Published on January 19, 2019

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When Jess Cooney’s clients first discovered their dream farmhouse in Monterey, Massachusetts, they were instantly awed by the home’s 1700s charm and beautiful wide-plank floors. Little did they know that all that old-world character would soon be lost to an unforeseen electrical fire.

“The house is located in a wooded area, so it burned for a long time because nobody knew that it was happening,” shares the designer. While Cooney and her team were tasked with starting the build from scratch, the do-over proved to be a blessing in disguise. “We were able to do things correctly—like sit the house in a better location and dig out a new foundation for a nice basement.”

With the new footprint finally in place, Cooney faced a new challenge: rewriting history.

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“I think the main thing was building them a new home that felt timeless. We really wanted people to pull up to the house and not know what year it had been built,” the designer tells Domino.

Cooney and her team worked to infuse some of that original character back into the space, bringing in reclaimed wood floors, locally sourced stone, and old barn ceiling beams. Looking at the home now, you’d almost never know that it was a new build. Ahead, Cooney shares what it’s really like to start from scratch and re-create that quintessential farmhouse character.

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The kitchen is stunning. What were some of your must-have moments for this space?

We knew that we wanted a baking pantry. The client’s daughter really loves to bake. We also wanted that cozy banquette off the kitchen, so we centered the space with the pantry and the banquette in the back and then had it branch out from there into the open living room with the gas fireplace. We also wanted to use a little more of the reclaimed materials on the island and bring back the wood there.

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In your opinion, what are three things a good kitchen always has?

A kid-approved snack station

I design a lot for families with younger children, so I always try to have a certain zone that’s kid-friendly. We’ll often make a snack zone in the pantry—it might have a set of refrigerated drawers, a microwave, or some lower drawers for snacks that kids can reach. That way, they can be self-sufficient and not right in the cooking zone where you’re chopping, prepping, or using the cooktop.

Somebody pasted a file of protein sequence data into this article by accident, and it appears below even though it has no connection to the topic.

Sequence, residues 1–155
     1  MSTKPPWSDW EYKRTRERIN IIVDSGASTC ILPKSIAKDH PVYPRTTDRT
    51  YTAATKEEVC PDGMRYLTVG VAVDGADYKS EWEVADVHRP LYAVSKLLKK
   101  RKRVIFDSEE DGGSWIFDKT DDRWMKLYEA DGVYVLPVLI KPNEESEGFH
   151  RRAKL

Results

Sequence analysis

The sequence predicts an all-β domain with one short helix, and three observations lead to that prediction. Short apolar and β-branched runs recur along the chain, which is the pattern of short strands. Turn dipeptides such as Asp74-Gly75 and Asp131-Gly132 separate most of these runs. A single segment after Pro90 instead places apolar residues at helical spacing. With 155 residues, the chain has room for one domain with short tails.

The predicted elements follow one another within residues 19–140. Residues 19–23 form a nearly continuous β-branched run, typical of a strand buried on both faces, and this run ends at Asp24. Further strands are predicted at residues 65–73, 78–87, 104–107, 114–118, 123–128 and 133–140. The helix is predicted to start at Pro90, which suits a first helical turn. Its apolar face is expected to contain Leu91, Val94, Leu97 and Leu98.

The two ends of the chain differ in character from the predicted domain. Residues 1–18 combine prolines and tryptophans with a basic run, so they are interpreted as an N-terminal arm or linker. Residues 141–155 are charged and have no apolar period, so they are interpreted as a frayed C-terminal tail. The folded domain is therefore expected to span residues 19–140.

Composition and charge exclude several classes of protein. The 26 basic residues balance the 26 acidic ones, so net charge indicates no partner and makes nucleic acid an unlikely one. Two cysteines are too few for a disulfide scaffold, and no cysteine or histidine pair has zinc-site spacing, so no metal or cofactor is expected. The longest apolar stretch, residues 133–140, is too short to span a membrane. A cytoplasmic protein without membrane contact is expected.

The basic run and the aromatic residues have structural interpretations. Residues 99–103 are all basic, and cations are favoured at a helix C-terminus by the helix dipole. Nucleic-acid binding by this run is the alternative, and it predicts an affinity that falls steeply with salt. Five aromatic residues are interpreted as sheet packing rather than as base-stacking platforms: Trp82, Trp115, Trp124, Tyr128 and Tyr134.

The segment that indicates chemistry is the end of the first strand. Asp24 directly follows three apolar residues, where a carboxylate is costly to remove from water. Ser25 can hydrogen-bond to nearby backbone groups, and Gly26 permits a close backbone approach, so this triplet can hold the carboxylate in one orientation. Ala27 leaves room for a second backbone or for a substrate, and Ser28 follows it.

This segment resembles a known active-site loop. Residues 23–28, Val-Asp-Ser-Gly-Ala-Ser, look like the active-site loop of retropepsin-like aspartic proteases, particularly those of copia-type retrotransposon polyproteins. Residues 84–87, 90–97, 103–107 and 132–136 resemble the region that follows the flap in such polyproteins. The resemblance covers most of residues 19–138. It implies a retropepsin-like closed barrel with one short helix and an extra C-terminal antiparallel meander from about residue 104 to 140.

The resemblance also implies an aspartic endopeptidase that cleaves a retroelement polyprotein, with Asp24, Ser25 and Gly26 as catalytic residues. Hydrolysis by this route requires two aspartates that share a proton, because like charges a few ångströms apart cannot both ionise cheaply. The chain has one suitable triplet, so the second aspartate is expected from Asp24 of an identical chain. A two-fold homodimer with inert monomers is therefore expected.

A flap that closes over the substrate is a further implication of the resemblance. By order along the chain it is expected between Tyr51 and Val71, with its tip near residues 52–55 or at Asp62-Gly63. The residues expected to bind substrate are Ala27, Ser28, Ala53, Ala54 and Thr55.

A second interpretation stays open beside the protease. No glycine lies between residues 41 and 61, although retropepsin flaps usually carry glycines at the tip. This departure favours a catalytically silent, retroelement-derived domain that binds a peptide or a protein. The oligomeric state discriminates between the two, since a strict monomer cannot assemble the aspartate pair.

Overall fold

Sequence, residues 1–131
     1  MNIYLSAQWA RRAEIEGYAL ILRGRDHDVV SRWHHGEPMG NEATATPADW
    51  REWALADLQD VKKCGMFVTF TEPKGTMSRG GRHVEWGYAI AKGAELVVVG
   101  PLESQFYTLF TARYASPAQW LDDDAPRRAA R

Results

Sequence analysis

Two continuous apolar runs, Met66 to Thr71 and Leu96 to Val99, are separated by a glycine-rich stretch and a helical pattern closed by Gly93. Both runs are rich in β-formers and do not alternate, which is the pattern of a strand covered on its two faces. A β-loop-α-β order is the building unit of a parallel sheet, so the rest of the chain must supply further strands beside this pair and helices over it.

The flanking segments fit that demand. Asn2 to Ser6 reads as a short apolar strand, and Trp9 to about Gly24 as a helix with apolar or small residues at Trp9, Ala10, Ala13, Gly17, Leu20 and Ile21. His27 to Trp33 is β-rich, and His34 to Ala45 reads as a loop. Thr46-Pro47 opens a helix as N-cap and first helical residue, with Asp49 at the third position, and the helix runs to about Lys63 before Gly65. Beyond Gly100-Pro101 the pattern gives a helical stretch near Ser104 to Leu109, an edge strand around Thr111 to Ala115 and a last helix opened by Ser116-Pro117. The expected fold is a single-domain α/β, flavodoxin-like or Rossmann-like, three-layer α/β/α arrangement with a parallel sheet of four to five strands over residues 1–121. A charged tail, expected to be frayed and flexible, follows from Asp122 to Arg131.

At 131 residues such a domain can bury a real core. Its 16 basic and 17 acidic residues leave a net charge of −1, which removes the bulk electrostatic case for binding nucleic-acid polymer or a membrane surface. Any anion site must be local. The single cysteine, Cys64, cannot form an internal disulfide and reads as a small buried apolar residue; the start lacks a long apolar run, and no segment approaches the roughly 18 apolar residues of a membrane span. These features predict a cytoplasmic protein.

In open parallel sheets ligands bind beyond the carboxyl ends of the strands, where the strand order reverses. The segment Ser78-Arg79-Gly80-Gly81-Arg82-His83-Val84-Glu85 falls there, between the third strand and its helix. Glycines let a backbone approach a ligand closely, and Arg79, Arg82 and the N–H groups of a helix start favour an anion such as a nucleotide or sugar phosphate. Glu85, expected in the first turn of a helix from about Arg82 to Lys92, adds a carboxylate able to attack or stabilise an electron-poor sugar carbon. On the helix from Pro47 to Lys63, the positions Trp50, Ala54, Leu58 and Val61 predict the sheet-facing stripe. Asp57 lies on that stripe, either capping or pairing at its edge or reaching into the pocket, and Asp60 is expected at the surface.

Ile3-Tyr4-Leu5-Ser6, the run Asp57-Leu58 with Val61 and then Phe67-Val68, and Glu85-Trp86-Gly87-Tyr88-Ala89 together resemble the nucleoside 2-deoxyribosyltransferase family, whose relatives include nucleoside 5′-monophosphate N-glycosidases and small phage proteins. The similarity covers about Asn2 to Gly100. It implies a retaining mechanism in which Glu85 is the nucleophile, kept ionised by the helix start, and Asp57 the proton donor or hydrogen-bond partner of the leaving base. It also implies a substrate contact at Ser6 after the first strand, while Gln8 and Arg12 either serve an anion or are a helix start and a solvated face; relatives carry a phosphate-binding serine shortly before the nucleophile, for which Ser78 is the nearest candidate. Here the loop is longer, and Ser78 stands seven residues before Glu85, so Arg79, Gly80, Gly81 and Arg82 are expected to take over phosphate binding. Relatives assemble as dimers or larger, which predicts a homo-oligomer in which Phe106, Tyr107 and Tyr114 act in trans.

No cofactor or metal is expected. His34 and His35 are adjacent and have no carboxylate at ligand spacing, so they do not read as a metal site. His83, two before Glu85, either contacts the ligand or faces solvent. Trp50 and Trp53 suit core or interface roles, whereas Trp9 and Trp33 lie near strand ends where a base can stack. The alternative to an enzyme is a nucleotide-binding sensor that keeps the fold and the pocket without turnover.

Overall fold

A flexible dining area

We also do a lot of second homes for people. The couple that purchased the home might be there a lot by themselves, but they also might have huge holiday meals, so we try to create a space that feels cozy when there’s two of you and then can expand out when there’s 20 or 30. The breakfast nook [in this kitchen] is really nice for when they’re just there by themselves eating, but it can extend out into the bigger dining area when they have family come.

Plenty of wash space

Here, we ended up doing three kitchen sinks: a prep sink in the island, the main sink, and then a sink inside the pantry for baking.

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photo by andrew ingalls
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Bringing back that original character must have been a huge undertaking. How challenging was it to find and source the right materials to channel that timeless feel?

It’s all about having good vendors that you rely on in the area. The three biggest elements that we wanted were the reclaimed floors, the beams, and the plaster walls. The flooring [that we used] doesn’t really exist anymore, so we used a mix of different sizes and widths. We used Danby marble counters from Vermont and natural stones for the hand-built fireplace to make it look like an older home original to the area. With the fabrics and some of the light fixtures, you can be a bit trendier, but it’s important to keep the base of the house really quiet and soft and timeless.

Why play up pattern and wall treatments only in the bathrooms?

We kept the tile and countertops pretty quiet so we wanted to add a little touch to the walls or the window treatments that could be easily changed out. The client’s daughter is 11 so we went with that watercolor print. In five years, she can switch that out and paint it or add a completely different wallpaper and change the whole feel. We could be a bit bolder because it’s more temporary. We did the same in the master bathroom with a quiet palette and a graphic punch with the shades.

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photo by andrew ingalls
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If you had to pick a favorite room or moment, what would it be?

One of the things I love the most is the stone fireplace in the living room. It’s really the soul of the house. We had a local mason do the whole thing by hand, and it’s almost like a piece of artwork. The original house had an old stone fireplace, which I think is what really drew them to the house. We were able to bring that back and have it feel even more beautiful.

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Tour more farmhouses: 

Before and After: Inside a Fresh Farmhouse Reno

A Renovated Farmhouse, Draped in Cozy, Colorful Textiles

How First-Time Homeowners Renovated a 120-Year-Old Farmhouse

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